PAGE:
Those decisions could result in a number of possibilities: Some children could be placed in permanent foster care; some parents who have left the sect may win custody; some youngsters may be allowed to return to the ranch in Eldorado; and some may turn 18 before the case is complete and be allowed to choose their own fates.
Pulliam said the temporary foster care facilities have been briefed on the children's needs. "We're not going to have them in tank tops and shorts," she said.
Pulliam said the children will continue to be home-schooled by the temporary foster-care providers instead of being thrown into big public schools, where they could be bullied because of their differences.
In a related development, an arrest warrant affidavit made public Wednesday shows that a phone number used to report alleged abuse at the Texas retreat had been used previously by a 33-year-old Colorado woman.
It's not yet clear whether authorities suspect Rozita Swinton, of Colorado Springs, made any of the calls that triggered the April 3 raid of the compound.
Texas authorities have said a 16-year-old girl called a crisis center claiming she was abused at the compound. Authorities have not found that girl but say they have found evidence other children were abused.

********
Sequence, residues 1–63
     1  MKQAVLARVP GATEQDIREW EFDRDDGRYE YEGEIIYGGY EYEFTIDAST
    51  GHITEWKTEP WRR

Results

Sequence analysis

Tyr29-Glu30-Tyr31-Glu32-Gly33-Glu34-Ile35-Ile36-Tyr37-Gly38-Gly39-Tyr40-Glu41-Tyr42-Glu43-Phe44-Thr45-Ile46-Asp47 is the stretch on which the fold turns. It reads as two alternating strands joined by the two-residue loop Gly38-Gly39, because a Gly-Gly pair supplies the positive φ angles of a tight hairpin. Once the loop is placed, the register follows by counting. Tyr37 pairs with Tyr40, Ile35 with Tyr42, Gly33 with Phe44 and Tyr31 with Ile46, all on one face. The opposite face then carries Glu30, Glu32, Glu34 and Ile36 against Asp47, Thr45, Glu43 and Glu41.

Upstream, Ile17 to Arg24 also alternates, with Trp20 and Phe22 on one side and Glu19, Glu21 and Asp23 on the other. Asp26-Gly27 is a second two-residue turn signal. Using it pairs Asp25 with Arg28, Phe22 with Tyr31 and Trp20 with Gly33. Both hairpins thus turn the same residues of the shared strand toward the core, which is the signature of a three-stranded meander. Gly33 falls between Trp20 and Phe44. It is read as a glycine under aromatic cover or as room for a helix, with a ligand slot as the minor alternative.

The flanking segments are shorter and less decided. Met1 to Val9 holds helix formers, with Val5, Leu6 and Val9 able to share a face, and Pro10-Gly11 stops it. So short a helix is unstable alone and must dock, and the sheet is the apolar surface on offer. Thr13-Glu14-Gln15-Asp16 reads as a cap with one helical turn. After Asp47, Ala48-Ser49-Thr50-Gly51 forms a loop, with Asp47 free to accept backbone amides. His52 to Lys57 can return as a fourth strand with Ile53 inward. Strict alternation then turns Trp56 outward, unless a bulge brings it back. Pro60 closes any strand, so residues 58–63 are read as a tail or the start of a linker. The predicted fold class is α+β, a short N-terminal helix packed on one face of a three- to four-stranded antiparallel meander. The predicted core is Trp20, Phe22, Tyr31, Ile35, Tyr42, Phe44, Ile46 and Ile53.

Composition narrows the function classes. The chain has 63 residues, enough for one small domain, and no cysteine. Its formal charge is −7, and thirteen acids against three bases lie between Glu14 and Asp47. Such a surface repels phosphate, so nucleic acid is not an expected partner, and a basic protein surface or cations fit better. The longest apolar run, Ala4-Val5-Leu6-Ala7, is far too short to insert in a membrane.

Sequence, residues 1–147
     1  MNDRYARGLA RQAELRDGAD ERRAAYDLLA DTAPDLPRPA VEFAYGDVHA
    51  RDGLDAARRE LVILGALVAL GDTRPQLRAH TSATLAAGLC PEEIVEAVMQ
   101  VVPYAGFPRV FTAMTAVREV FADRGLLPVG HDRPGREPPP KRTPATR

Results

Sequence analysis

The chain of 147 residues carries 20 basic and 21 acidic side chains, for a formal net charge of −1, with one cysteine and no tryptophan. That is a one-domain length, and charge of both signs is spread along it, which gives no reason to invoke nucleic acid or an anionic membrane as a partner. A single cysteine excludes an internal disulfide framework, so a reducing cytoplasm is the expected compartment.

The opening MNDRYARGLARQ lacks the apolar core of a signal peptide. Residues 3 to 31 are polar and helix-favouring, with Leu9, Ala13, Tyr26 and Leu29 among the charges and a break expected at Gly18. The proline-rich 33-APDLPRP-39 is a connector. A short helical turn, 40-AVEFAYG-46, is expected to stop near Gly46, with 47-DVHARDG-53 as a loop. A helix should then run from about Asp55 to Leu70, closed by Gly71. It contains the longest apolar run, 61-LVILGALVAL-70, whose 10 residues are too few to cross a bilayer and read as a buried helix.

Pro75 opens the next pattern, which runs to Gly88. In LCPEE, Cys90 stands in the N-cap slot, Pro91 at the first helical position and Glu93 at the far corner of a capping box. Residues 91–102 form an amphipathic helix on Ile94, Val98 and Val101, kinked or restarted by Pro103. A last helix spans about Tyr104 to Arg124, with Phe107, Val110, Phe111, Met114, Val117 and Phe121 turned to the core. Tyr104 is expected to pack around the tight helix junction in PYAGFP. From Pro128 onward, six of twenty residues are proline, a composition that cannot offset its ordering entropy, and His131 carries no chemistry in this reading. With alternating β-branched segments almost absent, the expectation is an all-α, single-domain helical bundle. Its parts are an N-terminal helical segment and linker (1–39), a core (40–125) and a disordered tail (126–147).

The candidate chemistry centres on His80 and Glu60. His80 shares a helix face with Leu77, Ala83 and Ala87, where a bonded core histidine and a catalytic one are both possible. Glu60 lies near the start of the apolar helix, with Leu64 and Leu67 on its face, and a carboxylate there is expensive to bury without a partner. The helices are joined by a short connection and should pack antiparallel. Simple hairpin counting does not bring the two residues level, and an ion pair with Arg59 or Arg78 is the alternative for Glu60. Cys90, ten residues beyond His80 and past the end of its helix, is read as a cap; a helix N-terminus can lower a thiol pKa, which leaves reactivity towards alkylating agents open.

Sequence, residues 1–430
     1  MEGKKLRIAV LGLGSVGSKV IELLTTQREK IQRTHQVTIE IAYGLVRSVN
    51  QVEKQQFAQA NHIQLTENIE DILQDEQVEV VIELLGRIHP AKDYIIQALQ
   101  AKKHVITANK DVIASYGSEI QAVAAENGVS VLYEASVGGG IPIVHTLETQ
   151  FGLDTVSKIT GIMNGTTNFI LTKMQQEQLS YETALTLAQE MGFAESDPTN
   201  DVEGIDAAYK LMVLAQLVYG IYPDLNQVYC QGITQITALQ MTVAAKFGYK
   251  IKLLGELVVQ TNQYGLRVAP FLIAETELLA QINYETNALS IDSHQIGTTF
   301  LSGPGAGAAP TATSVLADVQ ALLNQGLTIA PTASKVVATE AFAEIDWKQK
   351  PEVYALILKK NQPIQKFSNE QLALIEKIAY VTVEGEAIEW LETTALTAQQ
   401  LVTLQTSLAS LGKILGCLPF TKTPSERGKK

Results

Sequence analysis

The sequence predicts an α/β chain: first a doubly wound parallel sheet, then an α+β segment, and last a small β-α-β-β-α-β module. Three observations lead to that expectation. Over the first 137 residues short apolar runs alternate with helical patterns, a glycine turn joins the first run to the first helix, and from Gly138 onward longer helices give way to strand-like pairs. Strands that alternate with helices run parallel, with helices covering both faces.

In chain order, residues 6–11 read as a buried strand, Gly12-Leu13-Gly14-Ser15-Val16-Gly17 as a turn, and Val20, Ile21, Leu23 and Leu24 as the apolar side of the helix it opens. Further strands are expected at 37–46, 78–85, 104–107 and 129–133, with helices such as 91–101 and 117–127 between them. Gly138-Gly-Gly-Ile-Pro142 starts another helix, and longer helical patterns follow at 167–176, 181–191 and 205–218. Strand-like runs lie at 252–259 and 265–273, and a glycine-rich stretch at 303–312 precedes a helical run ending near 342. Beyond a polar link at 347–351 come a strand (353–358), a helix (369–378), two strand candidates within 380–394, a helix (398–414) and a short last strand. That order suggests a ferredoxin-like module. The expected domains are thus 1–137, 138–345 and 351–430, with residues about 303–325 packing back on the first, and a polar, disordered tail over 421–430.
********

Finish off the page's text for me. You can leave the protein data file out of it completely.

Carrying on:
In February, a woman calling herself "Jennifer" called 911 in Colorado Springs from the same number, claiming that her father had locked her in her basement for days, the document said. Swinton was arrested in connection with that incident on April 16 and later released.
More than 400 FLDS children are in state custody, and officials worry that living in the outside will be diffcult. They are trying to take steps to ease the transition.
Scores of the children have been sent to group homes or boys' and girls' ranches. Others will be separated from their mothers and sent to foster homes around Texas. A state official said children will "not be exposed to mainstream culture too quickly." The following photos illustrate some of the differences between the two cultures.